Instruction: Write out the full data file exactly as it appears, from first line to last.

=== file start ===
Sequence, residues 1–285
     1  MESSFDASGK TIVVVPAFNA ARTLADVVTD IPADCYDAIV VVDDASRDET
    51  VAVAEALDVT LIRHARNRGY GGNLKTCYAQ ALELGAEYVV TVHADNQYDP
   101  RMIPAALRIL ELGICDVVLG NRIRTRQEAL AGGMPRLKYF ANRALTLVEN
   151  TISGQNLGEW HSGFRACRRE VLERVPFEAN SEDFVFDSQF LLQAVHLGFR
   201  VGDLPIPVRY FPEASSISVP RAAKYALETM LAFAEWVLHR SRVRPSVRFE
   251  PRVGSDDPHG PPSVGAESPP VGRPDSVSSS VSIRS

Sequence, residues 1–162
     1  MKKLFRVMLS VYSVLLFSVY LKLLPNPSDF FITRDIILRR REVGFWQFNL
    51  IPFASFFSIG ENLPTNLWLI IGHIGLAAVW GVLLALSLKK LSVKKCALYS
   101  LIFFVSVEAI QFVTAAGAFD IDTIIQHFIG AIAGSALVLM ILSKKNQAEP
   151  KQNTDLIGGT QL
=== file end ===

Sequence, residues 1–285
     1  MESSFDASGK TIVVVPAFNA ARTLADVVTD IPADCYDAIV VVDDASRDET
    51  VAVAEALDVT LIRHARNRGY GGNLKTCYAQ ALELGAEYVV TVHADNQYDP
   101  RMIPAALRIL ELGICDVVLG NRIRTRQEAL AGGMPRLKYF ANRALTLVEN
   151  TISGQNLGEW HSGFRACRRE VLERVPFEAN SEDFVFDSQF LLQAVHLGFR
   201  VGDLPIPVRY FPEASSISVP RAAKYALETM LAFAEWVLHR SRVRPSVRFE
   251  PRVGSDDPHG PPSVGAESPP VGRPDSVSSS VSIRS

Sequence, residues 1–162
     1  MKKLFRVMLS VYSVLLFSVY LKLLPNPSDF FITRDIILRR REVGFWQFNL
    51  IPFASFFSIG ENLPTNLWLI IGHIGLAAVW GVLLALSLKK LSVKKCALYS
   101  LIFFVSVEAI QFVTAAGAFD IDTIIQHFIG AIAGSALVLM ILSKKNQAEP
   151  KQNTDLIGGT QL